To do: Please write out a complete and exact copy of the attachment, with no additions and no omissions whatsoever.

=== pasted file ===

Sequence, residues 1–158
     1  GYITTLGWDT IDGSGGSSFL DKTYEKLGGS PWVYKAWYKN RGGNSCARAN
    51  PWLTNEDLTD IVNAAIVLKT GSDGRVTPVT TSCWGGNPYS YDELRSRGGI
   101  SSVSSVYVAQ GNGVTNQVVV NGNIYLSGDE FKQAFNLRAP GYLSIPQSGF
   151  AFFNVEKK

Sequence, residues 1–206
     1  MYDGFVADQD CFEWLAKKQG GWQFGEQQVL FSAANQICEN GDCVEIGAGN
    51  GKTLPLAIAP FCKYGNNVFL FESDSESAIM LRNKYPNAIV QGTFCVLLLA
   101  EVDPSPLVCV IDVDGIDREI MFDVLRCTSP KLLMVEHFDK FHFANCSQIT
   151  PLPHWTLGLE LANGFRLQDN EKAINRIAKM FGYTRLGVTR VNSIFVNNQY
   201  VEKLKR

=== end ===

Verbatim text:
Sequence, residues 1–158
     1  GYITTLGWDT IDGSGGSSFL DKTYEKLGGS PWVYKAWYKN RGGNSCARAN
    51  PWLTNEDLTD IVNAAIVLKT GSDGRVTPVT TSCWGGNPYS YDELRSRGGI
   101  SSVSSVYVAQ GNGVTNQVVV NGNIYLSGDE FKQAFNLRAP GYLSIPQSGF
   151  AFFNVEKK

Sequence, residues 1–206
     1  MYDGFVADQD CFEWLAKKQG GWQFGEQQVL FSAANQICEN GDCVEIGAGN
    51  GKTLPLAIAP FCKYGNNVFL FESDSESAIM LRNKYPNAIV QGTFCVLLLA
   101  EVDPSPLVCV IDVDGIDREI MFDVLRCTSP KLLMVEHFDK FHFANCSQIT
   151  PLPHWTLGLE LANGFRLQDN EKAINRIAKM FGYTRLGVTR VNSIFVNNQY
   201  VEKLKR